The Irving family is continuing its long tradition of heavy-handed legal attacks on former employees. Last week, one division of the billionaire family’s holdings, Irving Shipyards Incorporated, which runs the Halifax Shipyard, filed suit against its former senior project manager, Jared Newcombe. Last year, the Halifax yard was awarded a $25 billion contract to construct military and coast guard ships.
Newcombe quit his job at Irving on April 28, 2013, announcing that he had accepted a job as chief operating officer at Davie Shipyard in Quebec. The ISI lawsuit alleges that, before he left Irving, Newcombe “downloaded and/or copied numerous documents and electronic records from the ISI server to a personal removable storage device. Such documents and electronic records are the property of ISI and contain sensitive confidential information about ISI and its operations.”
The lawsuit says Irving learned that Newcombe had taken a documents when it acted on an Anton Piller Order against another former ISI exec John Schmidt, who had earlier left Irving for a job as vice president of sales at Davie. An Anton Piller Order is a sort of privately executed search warrant issued without prior notice to the target of the warrant, in order to prevent destruction of evidence.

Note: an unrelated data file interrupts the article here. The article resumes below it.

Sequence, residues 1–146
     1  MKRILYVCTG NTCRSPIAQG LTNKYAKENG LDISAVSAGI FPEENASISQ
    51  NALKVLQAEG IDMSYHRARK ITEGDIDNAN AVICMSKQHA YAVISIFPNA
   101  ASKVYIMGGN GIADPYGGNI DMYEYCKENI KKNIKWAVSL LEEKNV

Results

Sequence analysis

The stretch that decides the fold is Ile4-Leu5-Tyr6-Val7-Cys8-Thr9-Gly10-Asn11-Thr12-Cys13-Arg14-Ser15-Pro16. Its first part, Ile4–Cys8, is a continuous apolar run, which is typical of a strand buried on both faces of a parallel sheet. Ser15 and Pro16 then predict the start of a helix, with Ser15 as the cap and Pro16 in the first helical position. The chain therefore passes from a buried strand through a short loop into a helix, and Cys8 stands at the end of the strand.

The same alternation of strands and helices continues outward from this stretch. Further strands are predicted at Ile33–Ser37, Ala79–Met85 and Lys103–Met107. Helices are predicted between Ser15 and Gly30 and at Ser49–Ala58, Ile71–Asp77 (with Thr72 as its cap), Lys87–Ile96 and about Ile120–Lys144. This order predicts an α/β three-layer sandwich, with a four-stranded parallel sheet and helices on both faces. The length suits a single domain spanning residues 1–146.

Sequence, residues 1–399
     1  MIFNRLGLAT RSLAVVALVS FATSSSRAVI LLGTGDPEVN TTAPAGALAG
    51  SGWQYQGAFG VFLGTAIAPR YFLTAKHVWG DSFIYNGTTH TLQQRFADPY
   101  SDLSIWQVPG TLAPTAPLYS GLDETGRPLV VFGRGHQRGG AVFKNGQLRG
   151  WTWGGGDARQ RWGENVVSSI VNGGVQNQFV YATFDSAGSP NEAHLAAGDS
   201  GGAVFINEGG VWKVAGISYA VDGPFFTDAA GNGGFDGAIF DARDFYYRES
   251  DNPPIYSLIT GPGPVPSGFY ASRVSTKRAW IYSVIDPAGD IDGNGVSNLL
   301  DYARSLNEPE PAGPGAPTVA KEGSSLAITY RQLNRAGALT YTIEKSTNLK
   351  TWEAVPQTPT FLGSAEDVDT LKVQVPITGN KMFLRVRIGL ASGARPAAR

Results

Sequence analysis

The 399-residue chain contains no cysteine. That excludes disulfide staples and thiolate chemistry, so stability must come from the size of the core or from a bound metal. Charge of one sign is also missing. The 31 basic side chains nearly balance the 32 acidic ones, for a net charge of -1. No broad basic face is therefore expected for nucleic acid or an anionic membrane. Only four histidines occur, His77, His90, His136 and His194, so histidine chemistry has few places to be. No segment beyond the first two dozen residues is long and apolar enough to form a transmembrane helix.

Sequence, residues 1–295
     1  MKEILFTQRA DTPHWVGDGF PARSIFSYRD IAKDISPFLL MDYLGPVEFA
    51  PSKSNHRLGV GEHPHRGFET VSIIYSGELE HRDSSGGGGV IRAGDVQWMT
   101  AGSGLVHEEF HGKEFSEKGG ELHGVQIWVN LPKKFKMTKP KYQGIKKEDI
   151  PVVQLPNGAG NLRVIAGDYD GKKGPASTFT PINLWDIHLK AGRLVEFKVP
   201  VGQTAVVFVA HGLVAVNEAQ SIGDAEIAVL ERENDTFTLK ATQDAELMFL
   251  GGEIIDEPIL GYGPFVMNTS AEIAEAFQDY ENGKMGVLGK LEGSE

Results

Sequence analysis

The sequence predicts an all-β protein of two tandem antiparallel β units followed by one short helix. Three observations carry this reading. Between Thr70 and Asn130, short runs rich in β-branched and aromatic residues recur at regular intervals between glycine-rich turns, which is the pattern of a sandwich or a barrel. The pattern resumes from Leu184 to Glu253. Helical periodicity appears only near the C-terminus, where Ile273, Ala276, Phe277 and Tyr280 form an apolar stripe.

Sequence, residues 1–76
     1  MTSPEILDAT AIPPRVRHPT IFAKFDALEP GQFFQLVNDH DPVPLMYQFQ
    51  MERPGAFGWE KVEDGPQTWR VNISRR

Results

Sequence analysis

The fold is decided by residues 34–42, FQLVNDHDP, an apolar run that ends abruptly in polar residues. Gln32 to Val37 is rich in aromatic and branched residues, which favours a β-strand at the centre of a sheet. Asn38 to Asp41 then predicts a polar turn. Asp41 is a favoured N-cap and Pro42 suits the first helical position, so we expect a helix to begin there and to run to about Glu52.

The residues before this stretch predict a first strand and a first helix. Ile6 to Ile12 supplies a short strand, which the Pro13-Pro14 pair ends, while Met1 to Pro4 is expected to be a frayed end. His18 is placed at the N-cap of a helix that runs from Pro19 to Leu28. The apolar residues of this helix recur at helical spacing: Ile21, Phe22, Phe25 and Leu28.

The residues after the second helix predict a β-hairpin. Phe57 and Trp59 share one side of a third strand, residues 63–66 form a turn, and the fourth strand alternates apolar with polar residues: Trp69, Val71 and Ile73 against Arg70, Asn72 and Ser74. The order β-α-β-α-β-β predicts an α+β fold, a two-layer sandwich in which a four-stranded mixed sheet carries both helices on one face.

The lawsuit alleges that Newcombe was in conversation with Schmidt before Newcombe left Irving, and the documents he allegedly took would give Davie a competitive advantage. The allegations have not been proven in court, and Newcombe has not yet replied to them.
The legal actions against Newcombe and Schmidt are reminiscent of the Irving’s reaction when Ken Langdon quit his job with the Irvings in 2007. Langdon was publisher of the Woodstock, New Bunswick Bugle-Observer, part of the Irving-owned Brunswick News empire. After he left to start his own publication, the Carleton FreePress, the Irvings sued Langdon, also alleging that Langdon had stolen confidential company documents and information. Langdon ultimately prevailed in that legal battle, but he was unable to keep the FreePress afloat in the face of the Irvings’ aggressive low rates for advertisers.